Finally, I believe that my children, if I ever have any, will learn much more about what it means to be a gentleman from observing my own behavior than from any lessons that they learn in school. So, I think that I will be much more focused on being a good role model than in policing what teachers are doing. I am content to let teachers teach what they think is best and take it from there.Report

      • Kim in reply to j r says:

        American schools don’t have a Morals Time, like Japanese schools do. This is part of the reason I don’t think chivalry should be taught — it’s something we think parents ought to do with their kids.Report

  12. Kazzy says:

    I haven’t seen it discussed yet (though I might have missed it) but besides the message being sent to boys, what messages might we be sending to girls?Report

    • Chris in reply to Kazzy says:

      Open doors for people.Report

      • Kazzy in reply to Chris says:

        But if the lesson we are offering is, “Boys should open doors for girls,” what then?

        I will also push back against the idea of always opening doors for people. I personally hate when someone 15 feet ahead of me hits the door and then holds it open for me. I feel like I need to hustle to get there or else I leave them awkwardly standing there for a few seconds waiting on me. Too much pressure. There should be a colored circle around every door: if people are inside it, hold it for them. If not, you’re free to let it close.Report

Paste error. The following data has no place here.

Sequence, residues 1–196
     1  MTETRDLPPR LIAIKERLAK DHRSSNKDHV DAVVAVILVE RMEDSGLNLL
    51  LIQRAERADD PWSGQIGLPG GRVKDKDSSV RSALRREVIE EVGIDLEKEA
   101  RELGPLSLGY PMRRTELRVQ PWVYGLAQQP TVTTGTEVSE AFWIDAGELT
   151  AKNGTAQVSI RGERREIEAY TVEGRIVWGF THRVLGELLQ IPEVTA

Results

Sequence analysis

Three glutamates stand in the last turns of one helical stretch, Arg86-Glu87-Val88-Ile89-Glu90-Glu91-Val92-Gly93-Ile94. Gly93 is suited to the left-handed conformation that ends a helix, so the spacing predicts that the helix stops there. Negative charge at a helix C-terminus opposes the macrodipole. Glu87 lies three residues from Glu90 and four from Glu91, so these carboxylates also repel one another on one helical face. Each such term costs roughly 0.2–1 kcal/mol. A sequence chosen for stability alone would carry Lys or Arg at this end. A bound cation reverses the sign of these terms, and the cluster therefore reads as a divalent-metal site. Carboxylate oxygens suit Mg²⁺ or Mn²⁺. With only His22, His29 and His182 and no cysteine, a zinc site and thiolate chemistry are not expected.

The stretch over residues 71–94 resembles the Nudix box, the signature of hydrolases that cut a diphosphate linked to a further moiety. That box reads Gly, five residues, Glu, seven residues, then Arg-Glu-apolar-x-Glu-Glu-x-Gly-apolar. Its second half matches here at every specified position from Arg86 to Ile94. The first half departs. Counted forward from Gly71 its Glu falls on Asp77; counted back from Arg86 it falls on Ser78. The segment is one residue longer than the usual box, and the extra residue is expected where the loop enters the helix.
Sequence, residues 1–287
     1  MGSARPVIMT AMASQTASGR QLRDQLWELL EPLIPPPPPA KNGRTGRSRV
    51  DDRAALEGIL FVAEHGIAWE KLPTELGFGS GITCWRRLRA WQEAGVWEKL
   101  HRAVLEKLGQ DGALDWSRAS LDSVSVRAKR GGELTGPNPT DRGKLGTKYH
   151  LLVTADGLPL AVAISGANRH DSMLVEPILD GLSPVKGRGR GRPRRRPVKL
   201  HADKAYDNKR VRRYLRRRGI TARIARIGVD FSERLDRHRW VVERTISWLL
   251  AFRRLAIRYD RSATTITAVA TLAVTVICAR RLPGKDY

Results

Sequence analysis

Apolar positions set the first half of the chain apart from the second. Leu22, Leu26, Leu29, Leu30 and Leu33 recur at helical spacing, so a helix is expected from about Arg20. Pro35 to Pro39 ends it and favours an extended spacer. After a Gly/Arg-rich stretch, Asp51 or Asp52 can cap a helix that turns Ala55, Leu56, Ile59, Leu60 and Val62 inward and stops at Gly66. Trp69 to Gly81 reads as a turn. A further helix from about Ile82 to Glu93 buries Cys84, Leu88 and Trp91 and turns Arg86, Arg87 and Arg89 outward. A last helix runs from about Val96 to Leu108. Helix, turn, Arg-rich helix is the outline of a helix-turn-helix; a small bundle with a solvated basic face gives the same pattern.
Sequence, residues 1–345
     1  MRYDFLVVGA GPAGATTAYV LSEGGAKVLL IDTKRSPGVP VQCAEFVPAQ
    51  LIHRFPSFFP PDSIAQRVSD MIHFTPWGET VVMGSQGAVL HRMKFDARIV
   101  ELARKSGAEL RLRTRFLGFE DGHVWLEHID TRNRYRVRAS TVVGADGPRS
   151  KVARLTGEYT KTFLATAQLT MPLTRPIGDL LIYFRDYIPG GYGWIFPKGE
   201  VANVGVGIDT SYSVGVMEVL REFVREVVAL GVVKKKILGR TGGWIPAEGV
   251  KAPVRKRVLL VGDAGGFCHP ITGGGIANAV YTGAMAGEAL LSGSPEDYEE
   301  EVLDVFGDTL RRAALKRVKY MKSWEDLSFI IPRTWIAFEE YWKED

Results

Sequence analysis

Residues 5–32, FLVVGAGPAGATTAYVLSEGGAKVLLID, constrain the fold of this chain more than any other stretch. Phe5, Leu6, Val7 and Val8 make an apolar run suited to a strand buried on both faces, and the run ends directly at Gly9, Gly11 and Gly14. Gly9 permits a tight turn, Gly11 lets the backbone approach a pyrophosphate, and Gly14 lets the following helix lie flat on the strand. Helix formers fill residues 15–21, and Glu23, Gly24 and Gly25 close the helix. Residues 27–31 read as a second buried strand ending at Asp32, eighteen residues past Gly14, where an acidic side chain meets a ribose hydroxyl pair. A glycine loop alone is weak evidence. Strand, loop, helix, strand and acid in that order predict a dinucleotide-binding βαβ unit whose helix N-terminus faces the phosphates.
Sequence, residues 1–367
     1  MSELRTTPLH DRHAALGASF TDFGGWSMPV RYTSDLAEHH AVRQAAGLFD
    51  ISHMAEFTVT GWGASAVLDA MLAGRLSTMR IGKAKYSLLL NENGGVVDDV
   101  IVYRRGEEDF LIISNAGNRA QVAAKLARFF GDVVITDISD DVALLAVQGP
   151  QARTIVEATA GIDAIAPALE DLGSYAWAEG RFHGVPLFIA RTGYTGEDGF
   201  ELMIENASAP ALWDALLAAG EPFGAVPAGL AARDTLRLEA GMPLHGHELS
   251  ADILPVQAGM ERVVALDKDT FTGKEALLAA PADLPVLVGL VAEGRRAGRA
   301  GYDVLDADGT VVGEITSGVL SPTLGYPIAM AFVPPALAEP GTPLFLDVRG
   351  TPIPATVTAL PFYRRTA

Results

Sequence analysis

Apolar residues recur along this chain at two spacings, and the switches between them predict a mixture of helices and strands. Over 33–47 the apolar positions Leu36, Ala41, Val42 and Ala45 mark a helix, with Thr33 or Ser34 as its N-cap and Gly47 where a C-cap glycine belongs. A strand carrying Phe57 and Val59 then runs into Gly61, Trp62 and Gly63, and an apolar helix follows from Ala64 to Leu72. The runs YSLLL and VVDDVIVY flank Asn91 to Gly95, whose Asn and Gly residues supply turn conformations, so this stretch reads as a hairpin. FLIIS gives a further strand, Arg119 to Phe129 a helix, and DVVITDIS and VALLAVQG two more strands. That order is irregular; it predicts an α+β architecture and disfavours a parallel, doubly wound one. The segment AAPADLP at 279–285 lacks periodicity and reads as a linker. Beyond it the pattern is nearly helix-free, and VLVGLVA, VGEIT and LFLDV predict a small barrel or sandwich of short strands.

• Chris in reply to Chris says:

        Oh yeah, definitely teach them when opening doors is appropriate and when it’s not. My own view is that if the door is going to hit them as it closes, hold it open. If they’re too far away, don’t bother.

        Unless they might have trouble opening it for whatever reason.

        Also, look behind you before you let a door close.

        If you get the door and know there’s someone right behind you, let them go in first.

        If someone let’s you in first, and there’s a line, let them get in front of you.

        And always say thank you when someone holds the door for you.

        Boys shouldn’t hold doors open for girls, they should hold doors open for people. So should girls. It’s not chivalry, it’s manners.Report

      • Kazzy in reply to Chris says:


        I agree with all this. Again, I’m not arguing that we shouldn’t praise/encourage kids to hold the door open for others and to engage in other forms of pro-social behavior.

        I’m wondering how folks would respond if I made the classroom “Door Holder” job one that only boys fulfilled because, hey, that’s not something girls can/should be doing. I’d be taken to task. Right..? If so, we should be wary of other, more implicit encouragement of the same mindset (with a full concession that what I witnessed very well might not have been that).Report

      • Chris in reply to Chris says:

        Hell yes, we should. This is why I’m not even addressing the “gentleman” concept, because it’s unnecessarily gendered. There is nothing about gentlemanness that should be specific to men, but by making it gendered we necessarily set up a contrast. That’s just the way our mind’s work. Since there is no real corresponding “gentlewoman” concept, we have to contrast it with something else, like “lady,” which is a concept that created further distance between what we ask of girls and what we ask of boys.Report

    • Guy in reply to Kazzy says: